It takes more than just breaking and entering for a virus to successfully invade a cell. Getting to the cells centerwhere the host cells machinery will be co-opted to make more virusrequires navigating obstacles such as membranes and avoiding being recognized and kicked out by the host.
Now scientists from the
The research appears in the Dec. 28 issue of the journal Molecular Cell.
Led by Daniel Hebert, the UMass Amherst team was investigating Simian Virus 40 (SV40), a small, golf-ball shaped virus from the genus known as polyomavirus. Polyomaviruses are nonenveloped virusesthey lack the protective envelope that surrounds some virusesand SV40 has become the workhorse of scientists trying to understand how nonenveloped DNA viruses work.
Hebert began investigating the SV40 virus to better understand the quality control mechanisms of cells that the virus infects. Comprising only 6 proteins and some DNA, SV40 is what Hebert describes as a dinky little virus. Yet, he says, They know more about the cell than we dothey are surfing down the cellular pathways that we are trying to understand.
Previous research had detailed part of the virus journey to a cells interiorSV40 made it into the host cells endoplasmic reticulum (ER), a maze-like network of membranes where, among other things, proteins, carbohydrates and fats are put together. But how the virus genome got from the ER to the nucleusa necessary feat because viruses cant copy their own genetic material and must use the machinery of their hostwasnt clear.
To investigate, researchers had tried deleting the genes that encoded SV40s proteins. Of particular interest were the structural proteins known as VP1, VP2 and VP3. Looking at a mature SV40 virus from the outside, one would only see repeated bits of VP1, which make up the exterior of the golf-ball shaped virus. VP2 and VP3 are bound to the interior part of VP1, but on the insideone could only find them by taking the virus apart. Studies that deleted the genes for these viral proteins had conflicting resultssometimes SV40 was still infectious, in other cases it was not.
So Hebert and his graduate student Robert Daniels decided to couple experiments that knocked out the genes for the viral proteins with experiments that let them follow what exactly happened to virus once inside the host cells ER. First his team created mutant SV40svirus that couldnt make VP2, virus that couldnt make VP3 and virus that couldnt make VP2 or VP3. None of the mutants were capable of infecting cells.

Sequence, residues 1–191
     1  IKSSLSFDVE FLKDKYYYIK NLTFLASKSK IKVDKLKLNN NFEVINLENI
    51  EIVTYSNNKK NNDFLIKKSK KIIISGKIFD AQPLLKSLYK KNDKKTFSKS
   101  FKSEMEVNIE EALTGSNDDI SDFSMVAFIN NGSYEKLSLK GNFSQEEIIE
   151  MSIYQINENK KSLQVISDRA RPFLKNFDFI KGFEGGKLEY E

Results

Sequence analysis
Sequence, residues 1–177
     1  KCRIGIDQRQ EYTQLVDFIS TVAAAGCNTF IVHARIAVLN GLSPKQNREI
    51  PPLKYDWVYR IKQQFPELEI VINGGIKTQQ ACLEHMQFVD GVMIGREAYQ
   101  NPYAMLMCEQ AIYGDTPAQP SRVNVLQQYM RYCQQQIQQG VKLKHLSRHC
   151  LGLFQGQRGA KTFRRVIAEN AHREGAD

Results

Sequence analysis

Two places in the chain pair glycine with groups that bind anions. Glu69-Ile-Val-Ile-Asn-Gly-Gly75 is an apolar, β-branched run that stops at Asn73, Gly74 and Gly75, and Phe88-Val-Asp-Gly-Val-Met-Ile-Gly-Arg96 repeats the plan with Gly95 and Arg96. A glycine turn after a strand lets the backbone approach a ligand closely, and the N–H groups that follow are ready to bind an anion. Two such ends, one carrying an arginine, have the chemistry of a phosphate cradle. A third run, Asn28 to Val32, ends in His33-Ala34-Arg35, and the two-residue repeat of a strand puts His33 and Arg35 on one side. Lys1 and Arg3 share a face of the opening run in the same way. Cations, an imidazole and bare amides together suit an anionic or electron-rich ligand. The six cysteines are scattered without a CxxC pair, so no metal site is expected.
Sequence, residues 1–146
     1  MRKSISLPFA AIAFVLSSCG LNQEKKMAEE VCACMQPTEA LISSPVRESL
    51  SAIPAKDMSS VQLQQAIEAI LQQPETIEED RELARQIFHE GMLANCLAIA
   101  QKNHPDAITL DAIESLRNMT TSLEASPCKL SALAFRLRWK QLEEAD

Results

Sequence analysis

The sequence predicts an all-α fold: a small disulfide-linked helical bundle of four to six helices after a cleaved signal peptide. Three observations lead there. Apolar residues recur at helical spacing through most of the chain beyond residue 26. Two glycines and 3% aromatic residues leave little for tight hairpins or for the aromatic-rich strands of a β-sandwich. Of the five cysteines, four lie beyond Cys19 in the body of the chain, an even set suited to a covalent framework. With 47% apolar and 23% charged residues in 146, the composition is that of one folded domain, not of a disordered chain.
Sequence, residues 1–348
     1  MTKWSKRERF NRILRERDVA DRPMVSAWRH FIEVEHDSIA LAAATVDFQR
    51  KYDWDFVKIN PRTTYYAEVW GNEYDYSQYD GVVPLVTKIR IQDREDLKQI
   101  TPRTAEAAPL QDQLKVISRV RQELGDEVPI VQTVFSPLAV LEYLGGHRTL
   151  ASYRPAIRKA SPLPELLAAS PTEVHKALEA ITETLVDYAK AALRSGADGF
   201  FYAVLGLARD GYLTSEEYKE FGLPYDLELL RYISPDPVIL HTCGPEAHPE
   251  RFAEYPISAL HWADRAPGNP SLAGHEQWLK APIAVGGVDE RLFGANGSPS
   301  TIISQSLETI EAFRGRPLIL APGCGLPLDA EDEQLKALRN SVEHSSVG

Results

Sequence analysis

The research team also took a closer look at each of the viral proteins and how they operated, both on their own and as a unit. Generally, proteins are either of the membrane persuasion or they are notthose with the chemical and physical properties that allow them to insert into a membrane arent usually found outside of membranes, and proteins with properties that make them adverse to membranes stay out of them. But Hebert and Daniels discovered a strange thing. When VP2 and VP3 were attached to VP1, as they are in the mature virus, none are membrane proteins. But when VP2 and VP3 are on their own, they can slice into membranes, potentially making a pore through which viral DNA could travel to the nucleus.
A protein that can make a hole in a membrane can be a self-defeating weapon for a virus, says Hebert. Slicing membranes before the hosts machinery makes lots more virus means death for the host cell without much viral progeny. But SV40 unleashes V2 and V3 with exquisite timing. The proteins are hidden inside the virus unable to make any holes until they get to the host cells ER.
The virus has perfect timing on the construction end as wellonce the host starts making more virus, the genes that code for VP1 get turned on firstthus when VP2 and VP3 are made, they can be snatched up by VPI before they can poke themselves through any membranes.
All mature polyomavirus have VP2 and VP3 tucked into their core, suggesting that all polyomavirus use the same secret weapon to gain access to the nucleus, says Hebert. While SV40 doesnt normally infect humans (it has been found in humans and was likely introduced in the 1950s via a contaminated polio vaccine), its compatriots, the polyomaviruses known as JC virus and BK virus do, and sometimes fatally. These new findings may lead to new strategies for treating or preventing infection by polyomavirus.
Hebert, whose background is in cellular biology, intends to keep studying SV40 to better understand the inner workings of the cells the virus infects. Viruses provide a valuable window to the cell to follow fundamental cellular processes and we can learn a lot by uncovering how these pathogens exploit their cellular host.
Source: University of Massachusetts, Amherst